10 Tips for Encouraging Positive Student Behavior

Pandemic or not, we recognize that teaching can be a really challenging job. With kids coming back to school after more than a year of uncertainty and atypical school environments, your students may require more patience and compassion from you than ever before. There is no textbook to follow or one right way to respond; however, there are things you can do to encourage positive behavior in the youth you are working with. Above all else, be patient and kind to your students and yourself. You are all trying your best.


Providing structure to the day helps us all feel more at ease because we know what to expect. The routines can be as simple as scheduling regular classroom meetings, mindfulness activities or water breaks. Try to be flexible when routines get interrupted, getting back on track when you can. Tomorrow is a new day.


Taking time to have fun can serve as a welcome distraction and relieve stress. Make time for socially distanced games, fun and engaging activities, and laughter. Not only will this help your students relax and build relationships with one another, it can help prevent challenging behavior from occurring.


Kids benefit from clear and consistent limits and boundaries. Help avoid confusion and future limit-testing behavior by being clear on the front end about classroom rules and expectations.


Not being active, not getting enough rest or down time, and eating poorly can lead to moody, distracted kids. On the flip side, getting the activity, rest and nutrients they need helps kids feel more emotionally balanced and focused.

Support your students in developing healthy habits:

  • Rest: Incorporate frequent breaks throughout the day and encourage students to get adequate rest at night.
    • Take a few minutes to practice deep breathing together.
    • Build in quiet time for students to read, draw, listen to music or play independently.
    • Encourage students to recharge their bodies and minds with a good night’s sleep.
  • Nutrition: Support students in making healthy food choices.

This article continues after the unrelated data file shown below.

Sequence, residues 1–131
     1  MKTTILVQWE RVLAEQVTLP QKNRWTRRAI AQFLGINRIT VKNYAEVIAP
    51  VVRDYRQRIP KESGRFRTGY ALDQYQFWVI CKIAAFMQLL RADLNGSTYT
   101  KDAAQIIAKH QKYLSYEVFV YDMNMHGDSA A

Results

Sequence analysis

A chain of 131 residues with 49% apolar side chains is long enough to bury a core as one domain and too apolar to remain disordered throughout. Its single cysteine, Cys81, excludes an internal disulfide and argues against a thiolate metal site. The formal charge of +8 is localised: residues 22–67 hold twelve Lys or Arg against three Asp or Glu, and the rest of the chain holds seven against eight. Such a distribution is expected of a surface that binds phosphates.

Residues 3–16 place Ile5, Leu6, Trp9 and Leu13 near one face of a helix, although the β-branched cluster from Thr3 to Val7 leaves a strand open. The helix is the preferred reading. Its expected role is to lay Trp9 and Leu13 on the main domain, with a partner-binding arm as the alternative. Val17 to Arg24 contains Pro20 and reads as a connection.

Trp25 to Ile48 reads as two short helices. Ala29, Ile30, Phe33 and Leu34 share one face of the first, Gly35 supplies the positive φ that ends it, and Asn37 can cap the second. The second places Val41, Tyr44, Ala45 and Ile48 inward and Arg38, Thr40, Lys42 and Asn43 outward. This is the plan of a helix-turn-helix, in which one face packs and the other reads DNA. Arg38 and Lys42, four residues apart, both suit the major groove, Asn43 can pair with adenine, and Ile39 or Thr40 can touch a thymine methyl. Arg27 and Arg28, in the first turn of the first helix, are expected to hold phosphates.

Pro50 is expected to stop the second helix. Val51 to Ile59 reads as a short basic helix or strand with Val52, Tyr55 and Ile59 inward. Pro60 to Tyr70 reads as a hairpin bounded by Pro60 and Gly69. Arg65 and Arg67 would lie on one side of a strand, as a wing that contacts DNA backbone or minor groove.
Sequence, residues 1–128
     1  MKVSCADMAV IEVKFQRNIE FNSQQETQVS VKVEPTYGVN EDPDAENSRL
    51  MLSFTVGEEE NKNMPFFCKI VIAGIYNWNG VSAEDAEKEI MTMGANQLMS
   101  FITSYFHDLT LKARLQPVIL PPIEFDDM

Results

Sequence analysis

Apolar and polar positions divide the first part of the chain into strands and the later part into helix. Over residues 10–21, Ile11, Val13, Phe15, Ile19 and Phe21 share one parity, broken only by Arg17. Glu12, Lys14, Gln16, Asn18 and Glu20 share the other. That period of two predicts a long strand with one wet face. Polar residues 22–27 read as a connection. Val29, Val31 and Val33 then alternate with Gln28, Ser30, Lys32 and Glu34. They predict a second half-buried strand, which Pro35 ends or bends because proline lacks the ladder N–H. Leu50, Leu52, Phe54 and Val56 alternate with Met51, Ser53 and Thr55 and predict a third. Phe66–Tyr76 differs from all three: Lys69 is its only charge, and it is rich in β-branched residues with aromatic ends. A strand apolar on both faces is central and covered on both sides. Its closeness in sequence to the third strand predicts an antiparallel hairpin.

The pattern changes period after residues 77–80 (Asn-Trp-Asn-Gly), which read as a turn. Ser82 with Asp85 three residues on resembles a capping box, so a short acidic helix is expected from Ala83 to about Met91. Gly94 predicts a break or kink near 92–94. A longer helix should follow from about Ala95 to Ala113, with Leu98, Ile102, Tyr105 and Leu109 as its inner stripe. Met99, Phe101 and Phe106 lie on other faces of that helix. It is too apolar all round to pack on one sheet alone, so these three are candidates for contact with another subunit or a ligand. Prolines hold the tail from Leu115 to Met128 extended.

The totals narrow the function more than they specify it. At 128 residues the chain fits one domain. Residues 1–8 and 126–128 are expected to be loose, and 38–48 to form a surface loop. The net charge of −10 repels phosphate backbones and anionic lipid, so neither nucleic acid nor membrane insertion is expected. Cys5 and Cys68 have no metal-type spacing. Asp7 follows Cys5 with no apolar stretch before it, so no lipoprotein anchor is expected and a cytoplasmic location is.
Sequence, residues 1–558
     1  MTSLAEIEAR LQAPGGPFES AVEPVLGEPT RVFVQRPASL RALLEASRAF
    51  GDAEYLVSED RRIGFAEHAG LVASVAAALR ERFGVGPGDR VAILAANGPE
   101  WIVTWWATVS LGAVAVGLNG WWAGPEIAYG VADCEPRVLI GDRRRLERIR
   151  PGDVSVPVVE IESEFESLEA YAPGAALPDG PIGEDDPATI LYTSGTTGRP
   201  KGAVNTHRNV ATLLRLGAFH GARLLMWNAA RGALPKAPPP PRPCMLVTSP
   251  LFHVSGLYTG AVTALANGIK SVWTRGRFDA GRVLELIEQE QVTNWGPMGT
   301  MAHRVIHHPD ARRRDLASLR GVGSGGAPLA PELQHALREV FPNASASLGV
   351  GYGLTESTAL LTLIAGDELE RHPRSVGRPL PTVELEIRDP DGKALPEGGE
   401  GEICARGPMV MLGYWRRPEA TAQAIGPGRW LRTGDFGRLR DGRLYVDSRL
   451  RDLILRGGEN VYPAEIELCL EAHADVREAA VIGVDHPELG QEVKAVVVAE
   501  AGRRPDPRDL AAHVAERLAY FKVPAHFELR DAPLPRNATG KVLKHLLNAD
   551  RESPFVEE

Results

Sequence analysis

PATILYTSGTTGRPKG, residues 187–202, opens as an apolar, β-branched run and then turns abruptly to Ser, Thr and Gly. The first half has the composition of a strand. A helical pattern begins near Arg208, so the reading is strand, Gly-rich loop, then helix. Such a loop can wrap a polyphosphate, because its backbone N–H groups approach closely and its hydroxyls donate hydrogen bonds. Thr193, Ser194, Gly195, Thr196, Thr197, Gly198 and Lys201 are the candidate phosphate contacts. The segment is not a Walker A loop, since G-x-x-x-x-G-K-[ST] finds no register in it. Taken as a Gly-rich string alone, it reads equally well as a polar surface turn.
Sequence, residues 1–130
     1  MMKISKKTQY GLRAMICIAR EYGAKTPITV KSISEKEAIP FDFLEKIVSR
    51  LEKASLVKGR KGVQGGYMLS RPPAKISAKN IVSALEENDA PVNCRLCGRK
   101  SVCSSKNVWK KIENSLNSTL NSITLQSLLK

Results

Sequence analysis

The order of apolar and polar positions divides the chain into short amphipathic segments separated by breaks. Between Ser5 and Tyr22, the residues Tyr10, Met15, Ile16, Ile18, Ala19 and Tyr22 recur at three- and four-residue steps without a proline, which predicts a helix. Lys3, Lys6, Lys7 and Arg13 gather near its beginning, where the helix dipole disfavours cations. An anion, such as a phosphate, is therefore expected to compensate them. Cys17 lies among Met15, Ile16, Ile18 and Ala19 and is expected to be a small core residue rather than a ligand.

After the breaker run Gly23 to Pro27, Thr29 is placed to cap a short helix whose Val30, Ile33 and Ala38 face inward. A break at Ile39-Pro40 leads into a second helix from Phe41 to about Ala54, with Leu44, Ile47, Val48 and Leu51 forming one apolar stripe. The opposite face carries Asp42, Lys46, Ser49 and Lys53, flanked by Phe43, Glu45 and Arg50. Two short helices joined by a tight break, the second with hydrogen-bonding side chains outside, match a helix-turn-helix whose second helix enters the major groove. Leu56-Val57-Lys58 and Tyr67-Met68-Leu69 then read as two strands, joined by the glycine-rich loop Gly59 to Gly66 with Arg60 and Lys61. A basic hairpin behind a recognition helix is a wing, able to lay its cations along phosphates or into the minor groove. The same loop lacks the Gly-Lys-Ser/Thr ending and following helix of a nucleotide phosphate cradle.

• Encourage students to have healthy meals and snacks throughout the day, including a variety of colorful veggies and fruits.
    • Reward students with attention, not food. Rewarding with treats may seem to work in the moment, but it can lead to more behavior challenges down the road.
    • Take regular water breaks and encourage your students to drink water instead of sugary drinks, such as soda, juice and sports drinks.
  • Physical activity: Sitting still for too long can result in boredom, disengagement and disruptive behaviors, whereas movement counters drowsiness, boosts energy, and improves focus and learning.
    • Build physical activity breaks into the day to proactively meeting your students’ needs.
    • Invite students to do jumping jacks, walk or jog in place or dance.
    • Ask students to stand up, or even stand on one foot, when they are answering a question or reading.

We all need to practice healthy strategies for managing feelings and coping with stress. Coping is not something we are born knowing how to do, it’s something we learn how to do with practice.

It’s difficult for anyone to learn something new when they’re upset, tired or distracted. Be sure to teach and practice new coping skills when everyone is calm instead of in the heat of the moment.

  • Begin class by having everyone take several slow, deep breaths.
  • Have everyone get up and stretch when students start losing focus.
  • Play music to either bring the energy down or boost it up. 
  • Give everyone opportunities for creative expression through writing, drawing, etc. 

When we are struggling to express ourselves with words, we tend to show others how we feel with our behavior.

Help acknowledge your students’ feelings by:

  • Asking open-ended questions.
  • Listening and repeating back what you hear, without judgment.
  • Letting students know their feelings are normal and valid.
  • Trying not to dismiss or downplay anyone’s feelings.

It’s natural at times to catch yourself thinking “this child is difficult” or “this student is bad,” but kids are human. Be realistic with your expectations and accept that kids will make mistakes—especially during times of uncertainty and stress. Try to focus on helping your students fix the behavior by telling them what they can do, instead of blaming them or thinking something is wrong with them.


Show kids that good behavior is the best way to get your attention. When your students do something good, give specific praise right away. Kids are more likely to repeat a good behavior when they receive positive attention for it. We are all more likely to repeat a behavior when someone praises us for it, so don’t hesitate to speak up and share your appreciation and gratitude for what someone else is doing.


Ideally, we want to be consistent with our responses; unfortunately, that’s not always possible when things are changing day to day. If you can go into each day knowing that it’s not going to be perfect, and that you may need to be flexible, things should naturally go smoother. When your focus is on maintaining strong, healthy relationships with your students, everyone wins—even if the day or task doesn’t go exactly to plan.


Don’t underestimate the power of your influence. Your students learn by watching you, and they are paying attention to how you are navigating this challenging time. If your kids see you taking care of yourself and choosing your battles, they will learn to do the same.